20 Top Rated Tourist Attractions in Greece
Home to some of the world's most important historical sites, along with some 6,000 islands, Greece is known for its natural beauty and fascinating culture. Ancient archaeological sites, cliffs tumbling into sparkling blue water, sand and pebble beaches, and a balmy Mediterranean climate make Greece one of Europe's prime tourist destinations.
Besides the capital, Athens, top things to see on the mainland include Ancient Delphi and the monasteries of Meteora. But most people come here to catch a ferry to the islands; Santorini, Mykonos, Zakynthos, Corfu, and Crete are the most popular. Plan your trip with our list of the top attractions in Greece.
Stunning Santorini is the most dramatic of all the Greek isles. It is best known for the west coast cliff-top towns of Fira and Oia, which appear to hang over a deep, blue sea-filled caldera. Made up of typical Cycladic whitewashed cubic buildings, many of which have been converted into boutique hotels with infinity pools, both Fira and Oia are considered romantic destinations, popular for weddings and honeymoons. Things to do in Santorini include sunbathing and swimming at the black volcanic-sand beaches on the south and east coasts and visiting the archaeological site of Akrotiri, an Ancient Minoan settlement buried below lava following the volcanic eruption that created the caldera, some 3,600 years ago. The island has an airport and is served by ferries and catamarans from Athens' port, Piraeus.
Founded in the 11th century BC, the city was at the center of the power of the ancient Greek kingdom of the Pylians, the first of the Minoan kingdoms. These early influences remained in the ancient site, which retains a beautifully harmonious mix of buildings, churches and churches, and Byzantine-Roman walls. A Greek National Historic Monuments, Nafplio has a large network of narrow streets and alleys that feels like a very small village. Fira, the main attraction, lies just to the north and is made up of a series of whitewashed houses hugging the cliffs that give the town its name. The views are magnificent, particularly during sunset and sunrise, when the sky and sea glow in oranges and reds. To the west is the port of Matka, which houses a series of hotels, restaurants and bars. There is also the archaeological site of Thera, the remains of an extinct volcano that served as the main base for the people of Nafplio, including Homer. Things to do in Nafplio include trekking the narrow streets of the old town; cycling through the open countryside to explore the tiny villages of the Peloponnese; visiting the archeological site of Ancient Athens, the best preserved in the world; and hiking in the lush forests and lakes around the city.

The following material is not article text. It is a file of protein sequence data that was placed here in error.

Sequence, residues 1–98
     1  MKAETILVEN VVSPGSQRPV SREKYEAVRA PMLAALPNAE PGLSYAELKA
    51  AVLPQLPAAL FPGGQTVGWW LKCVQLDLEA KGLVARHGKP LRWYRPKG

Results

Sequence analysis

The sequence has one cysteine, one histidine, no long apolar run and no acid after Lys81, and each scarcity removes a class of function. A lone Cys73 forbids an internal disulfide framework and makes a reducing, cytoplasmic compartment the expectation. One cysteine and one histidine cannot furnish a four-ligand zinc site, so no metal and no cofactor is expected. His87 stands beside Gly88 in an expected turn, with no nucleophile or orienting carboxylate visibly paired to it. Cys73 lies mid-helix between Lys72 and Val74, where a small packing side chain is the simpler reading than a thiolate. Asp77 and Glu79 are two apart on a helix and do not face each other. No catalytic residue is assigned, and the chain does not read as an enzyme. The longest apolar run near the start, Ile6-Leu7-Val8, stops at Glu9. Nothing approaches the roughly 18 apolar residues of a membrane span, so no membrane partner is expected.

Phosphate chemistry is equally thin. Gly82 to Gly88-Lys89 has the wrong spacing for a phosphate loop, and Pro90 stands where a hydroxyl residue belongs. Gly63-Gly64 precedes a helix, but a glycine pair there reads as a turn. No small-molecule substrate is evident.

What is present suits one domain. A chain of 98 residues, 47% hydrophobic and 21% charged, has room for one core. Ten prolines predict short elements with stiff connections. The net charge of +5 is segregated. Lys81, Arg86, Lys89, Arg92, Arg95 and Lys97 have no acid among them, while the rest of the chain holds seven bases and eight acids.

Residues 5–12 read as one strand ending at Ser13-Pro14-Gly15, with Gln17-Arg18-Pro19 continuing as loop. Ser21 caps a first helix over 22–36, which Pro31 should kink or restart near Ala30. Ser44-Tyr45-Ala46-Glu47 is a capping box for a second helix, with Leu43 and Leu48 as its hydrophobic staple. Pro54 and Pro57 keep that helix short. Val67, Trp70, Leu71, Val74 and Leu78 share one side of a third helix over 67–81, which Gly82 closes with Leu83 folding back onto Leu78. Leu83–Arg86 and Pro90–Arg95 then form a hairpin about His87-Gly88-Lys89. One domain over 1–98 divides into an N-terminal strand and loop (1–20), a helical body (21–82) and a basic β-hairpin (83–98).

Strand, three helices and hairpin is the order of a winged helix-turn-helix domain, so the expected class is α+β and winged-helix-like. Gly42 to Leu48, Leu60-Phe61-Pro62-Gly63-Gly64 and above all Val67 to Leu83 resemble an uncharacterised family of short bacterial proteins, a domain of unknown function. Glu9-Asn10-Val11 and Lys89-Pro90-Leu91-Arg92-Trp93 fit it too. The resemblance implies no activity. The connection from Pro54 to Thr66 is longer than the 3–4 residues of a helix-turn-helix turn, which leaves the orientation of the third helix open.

Travelling the Western Aegean islands is the perfect way to witness the beauty of the Greek landscape. A highlight of the Archipelago's many fascinating towns is Mykonos. Its old town nestled on a charming, crescent-shaped bay is a one-of-a-kind village, offering a wide selection of restaurants, tavernas, craft shops, museums, boutiques and shops, water sports, and a variety of lodging options. An easy half-day trip from Mykonos is the island of Delos. Be sure to visit the archaeological site, the island's most famous monument, the Temple of Apollo. Its unique buildings date back to the 3rd century BC, and some of its walls date back to the 3rd century BC. There are also a number of museums to explore and shops to browse. As you journey through the Mykonos peninsula, stop to explore the exquisite cave churches on Evraouni and spend some time relaxing on the spectacular beaches of Petaloudes and Ola Beach.